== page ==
CoV entry into host cells is mediated by the viral S glycoprotein, which forms trimeric spikes on the viral surface (2). Each monomer in the trimeric S assembly is a heterodimer of S1 and S2 subunits. The S1 subunit is composed of four domains: an N-terminal domain (NTD), a C-terminal domain (CTD), and subdomains I and II (35). The CTD of both SARS-CoV and SARS-CoV-2 functions as the receptor-binding domain (RBD) for the shared entry receptor, human angiotensin-converting enzyme 2 (hACE2) (610). The S2 subunit contains the fusion peptide, heptad repeats 1 and 2, and a transmembrane domain, all of which are required for fusion of the viral and host cell membranes.

The S glycoprotein of HCoVs is the primary target for neutralizing antibodies (nAbs) (11). SARS-CoV and SARS-CoV-2 share 76% amino acid identity in their S proteins, raising the possibility of conserved immunogenic surfaces on these antigens. Studies of convalescent sera and a limited number of monoclonal antibodies (mAbs) have revealed limited to no cross-neutralizing activity, demonstrating that conserved antigenic sites are rarely targeted by nAbs (5, 9, 12, 13). However, the frequencies, specificities, and functional activities of cross-reactive antibodies induced by natural SARS-CoV and SARS-CoV-2 infection remain poorly defined.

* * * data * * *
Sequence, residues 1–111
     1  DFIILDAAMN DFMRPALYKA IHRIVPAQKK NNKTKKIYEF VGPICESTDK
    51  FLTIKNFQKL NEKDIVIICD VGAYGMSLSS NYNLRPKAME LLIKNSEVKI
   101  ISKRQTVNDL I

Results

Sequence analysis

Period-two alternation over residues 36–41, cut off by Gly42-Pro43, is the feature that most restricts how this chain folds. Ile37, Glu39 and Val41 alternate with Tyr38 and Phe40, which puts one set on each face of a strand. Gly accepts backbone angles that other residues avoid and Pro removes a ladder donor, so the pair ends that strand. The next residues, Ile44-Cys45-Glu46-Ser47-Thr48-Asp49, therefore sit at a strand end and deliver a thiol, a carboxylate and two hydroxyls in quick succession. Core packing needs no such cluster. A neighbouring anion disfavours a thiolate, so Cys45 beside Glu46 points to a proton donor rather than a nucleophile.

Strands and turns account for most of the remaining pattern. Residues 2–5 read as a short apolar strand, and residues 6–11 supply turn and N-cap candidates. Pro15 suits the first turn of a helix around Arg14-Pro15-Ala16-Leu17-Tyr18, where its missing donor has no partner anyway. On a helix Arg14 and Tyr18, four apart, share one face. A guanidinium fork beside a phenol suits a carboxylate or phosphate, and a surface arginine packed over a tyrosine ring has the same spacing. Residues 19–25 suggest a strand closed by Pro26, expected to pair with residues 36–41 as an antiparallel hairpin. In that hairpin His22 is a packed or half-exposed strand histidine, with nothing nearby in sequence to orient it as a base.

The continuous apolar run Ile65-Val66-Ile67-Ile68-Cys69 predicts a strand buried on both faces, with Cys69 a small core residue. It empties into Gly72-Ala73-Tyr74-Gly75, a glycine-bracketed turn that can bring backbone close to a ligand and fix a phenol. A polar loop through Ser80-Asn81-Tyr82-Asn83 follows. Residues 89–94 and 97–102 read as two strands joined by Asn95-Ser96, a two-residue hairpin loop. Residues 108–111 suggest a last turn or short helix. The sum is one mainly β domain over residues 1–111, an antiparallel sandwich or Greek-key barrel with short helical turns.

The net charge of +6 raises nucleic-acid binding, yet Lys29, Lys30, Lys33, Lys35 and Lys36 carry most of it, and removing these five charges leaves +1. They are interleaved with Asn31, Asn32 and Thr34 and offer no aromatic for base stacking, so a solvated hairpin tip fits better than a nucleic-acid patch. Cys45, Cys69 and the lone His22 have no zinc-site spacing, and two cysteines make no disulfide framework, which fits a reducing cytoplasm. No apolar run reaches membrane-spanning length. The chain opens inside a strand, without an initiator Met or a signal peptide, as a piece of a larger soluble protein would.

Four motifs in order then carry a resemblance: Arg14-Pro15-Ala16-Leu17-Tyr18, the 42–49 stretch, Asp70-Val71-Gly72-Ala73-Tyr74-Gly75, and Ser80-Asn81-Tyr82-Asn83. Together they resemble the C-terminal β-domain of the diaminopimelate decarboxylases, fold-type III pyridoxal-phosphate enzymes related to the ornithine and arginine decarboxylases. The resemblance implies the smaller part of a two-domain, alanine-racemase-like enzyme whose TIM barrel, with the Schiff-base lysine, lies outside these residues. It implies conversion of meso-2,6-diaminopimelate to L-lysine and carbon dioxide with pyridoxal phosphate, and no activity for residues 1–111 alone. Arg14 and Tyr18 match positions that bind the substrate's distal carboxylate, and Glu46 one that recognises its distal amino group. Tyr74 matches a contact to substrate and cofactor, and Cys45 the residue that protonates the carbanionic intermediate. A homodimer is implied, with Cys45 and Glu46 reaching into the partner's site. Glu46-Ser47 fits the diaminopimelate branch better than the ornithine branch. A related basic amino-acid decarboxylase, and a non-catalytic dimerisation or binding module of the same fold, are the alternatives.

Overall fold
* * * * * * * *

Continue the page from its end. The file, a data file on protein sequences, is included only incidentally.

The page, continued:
We aimed to comprehensively profile the cross-reactive B cell response induced by SARS-CoV infection by cloning an extensive panel of SARS-CoV-2 S-reactive mAbs from the peripheral B cells of a convalescent donor (donor 84) who survived the 2003 SARS outbreak. To isolate cross-reactive antibodies, we obtained a blood sample from this donor about 3 years after infection and stained purified B cells with a panel of memory B cell (MBC) markers and a fluorescently labeled SARS-CoV-2 S protein. Flow cytometric analysis revealed that 0.14% of class-switched MBCs were SARS-CoV-2 S-reactive, which was about threefold greater than background staining observed with a SARS-CoV–naïve donor sample (Fig. 1A). Cognate antibody heavy- and light-chain pairs were amplified from 315 individual SARS-CoV-2–reactive B cells by single-cell reverse transcription polymerase chain reaction (RT-PCR) and subsequently cloned and expressed as full-length immunoglobulin Gs (IgGs) in an engineered strain of Saccharomyces cerevisiae (14). Of the 315 cloned antibodies, 200 bound to SARS-CoV-2 S in preliminary binding screens (Fig. 1B). Sequence analysis revealed that about half of the clones were members of expanded clonal lineages, whereas the other half were unique (Fig. 1C). Moreover, about 30% of isolated antibodies displayed convergent VH1-69/VK2-30 germline gene pairing (Fig. 1C). As expected, almost all the antibodies were somatically mutated, with members of clonally expanded lineages showing significantly higher levels of somatic hypermutation (SHM) compared with unique clones (Fig. 1D). Finally, consistent with the respiratory nature of SARS-CoV infection, index sorting analysis revealed that 33% of binding antibodies originated from IgA+ MBCs and the remaining 66% from IgG+ MBCs (Fig. 1E). We conclude that SARS-CoV infection elicited a high frequency of long-lived, cross-reactive MBCs in this donor.